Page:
Posts Tagged ‘water’

I see that by missing last week, I missed my chance to somehow employ a favorite quote:  “Danger, Will Robinson.  Danger.”  Drat.  Ah, well, we had a good time in Philadelphia despite the less than stellar weather and thankfully no danger there or on the road, other than the danger of a mental blowout when the traffic in Indiana was constantly slowed by construction or other issues.  🙂

This week, the challenge theme is “Reflecting.”  This is one of my favorite shots because it’s both a shot of reflections and a place where I was peacefully reflecting while in San Francisco some years ago.

© janet m. webb

© janet m. webb 2014

Be like water

Posted: December 1, 2015 in Quotes
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copyright janet m. webb 2015

Nature” is the theme for every first Monday in the Phoneography Challenge. I’ve been getting out into nature at every possible chance now that the weather is good. Friday, I took to the side trails in the park, to explore the places I’m always glancing at while exercise walking. I ended up by the river and found these lovely reflections, symbolic of the reflections going on in my mind while walking, relaxing, and renewing. Do you have a preference?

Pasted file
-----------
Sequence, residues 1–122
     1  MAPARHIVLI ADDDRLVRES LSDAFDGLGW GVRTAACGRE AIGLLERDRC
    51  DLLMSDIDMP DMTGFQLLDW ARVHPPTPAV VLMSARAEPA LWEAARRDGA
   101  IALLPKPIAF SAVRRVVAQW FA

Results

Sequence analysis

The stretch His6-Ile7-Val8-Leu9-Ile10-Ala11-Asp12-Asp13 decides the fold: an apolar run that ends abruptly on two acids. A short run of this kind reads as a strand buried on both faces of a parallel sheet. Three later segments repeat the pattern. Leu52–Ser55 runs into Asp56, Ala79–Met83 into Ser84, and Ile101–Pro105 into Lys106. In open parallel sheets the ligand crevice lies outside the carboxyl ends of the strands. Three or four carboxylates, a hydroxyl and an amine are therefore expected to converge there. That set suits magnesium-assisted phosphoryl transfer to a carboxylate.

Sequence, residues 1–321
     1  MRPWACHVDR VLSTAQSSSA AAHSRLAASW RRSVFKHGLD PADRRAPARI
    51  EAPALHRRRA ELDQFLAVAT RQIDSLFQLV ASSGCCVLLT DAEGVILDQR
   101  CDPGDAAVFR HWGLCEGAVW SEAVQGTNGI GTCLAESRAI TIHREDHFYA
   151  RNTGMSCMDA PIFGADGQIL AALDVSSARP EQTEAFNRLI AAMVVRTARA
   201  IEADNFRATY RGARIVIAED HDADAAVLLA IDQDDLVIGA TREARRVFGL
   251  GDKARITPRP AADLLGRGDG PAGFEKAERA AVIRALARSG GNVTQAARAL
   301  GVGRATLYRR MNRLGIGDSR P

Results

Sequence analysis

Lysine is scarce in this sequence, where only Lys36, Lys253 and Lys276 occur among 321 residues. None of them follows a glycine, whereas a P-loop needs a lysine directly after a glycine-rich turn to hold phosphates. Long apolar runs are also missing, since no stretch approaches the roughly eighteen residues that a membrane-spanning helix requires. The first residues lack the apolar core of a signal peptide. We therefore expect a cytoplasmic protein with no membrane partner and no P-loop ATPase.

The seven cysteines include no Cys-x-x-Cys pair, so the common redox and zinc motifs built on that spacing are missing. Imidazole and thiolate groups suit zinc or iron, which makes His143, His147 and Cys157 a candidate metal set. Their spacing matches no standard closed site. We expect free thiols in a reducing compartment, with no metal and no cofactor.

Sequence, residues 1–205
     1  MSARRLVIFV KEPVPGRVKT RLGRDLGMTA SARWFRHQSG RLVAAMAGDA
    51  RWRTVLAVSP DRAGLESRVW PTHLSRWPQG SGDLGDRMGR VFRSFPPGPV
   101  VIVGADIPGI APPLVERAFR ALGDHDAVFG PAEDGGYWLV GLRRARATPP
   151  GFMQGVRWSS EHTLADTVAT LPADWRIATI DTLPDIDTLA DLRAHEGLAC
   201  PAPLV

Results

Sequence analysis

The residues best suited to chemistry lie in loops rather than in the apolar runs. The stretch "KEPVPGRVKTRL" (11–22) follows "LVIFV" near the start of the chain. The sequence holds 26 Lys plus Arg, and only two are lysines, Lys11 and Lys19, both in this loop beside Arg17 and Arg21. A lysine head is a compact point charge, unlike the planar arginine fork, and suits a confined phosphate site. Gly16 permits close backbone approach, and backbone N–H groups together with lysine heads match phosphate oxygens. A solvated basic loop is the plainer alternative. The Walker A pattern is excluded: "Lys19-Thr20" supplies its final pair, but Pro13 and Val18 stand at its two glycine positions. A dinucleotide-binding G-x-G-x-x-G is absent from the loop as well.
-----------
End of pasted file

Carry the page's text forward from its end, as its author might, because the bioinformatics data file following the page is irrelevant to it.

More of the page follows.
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Water is necessary for life.  Water can be relaxing and refreshing.  Water can be annoying (as in a drip) or devastating when it gets in where it shouldn’t.  Water can hold life in it or destroy life.  Water can grant life to living things.  Lack of water can stunt growth or kill plants, animals or humans.  Water can be beautiful or terrible.  But we must all have it.

As I’ve mentioned in previous posts about our time in Wyoming this year, there’s been plenty of water…in the form of winter snow, without which life here suffers, and in rain.  Consequently the grass is green and the flowers abundant and when we ride on certain trails, the sound of water is a thing of joy, whether in the chuckling and burbling of a stream or the louder music of river over rocks.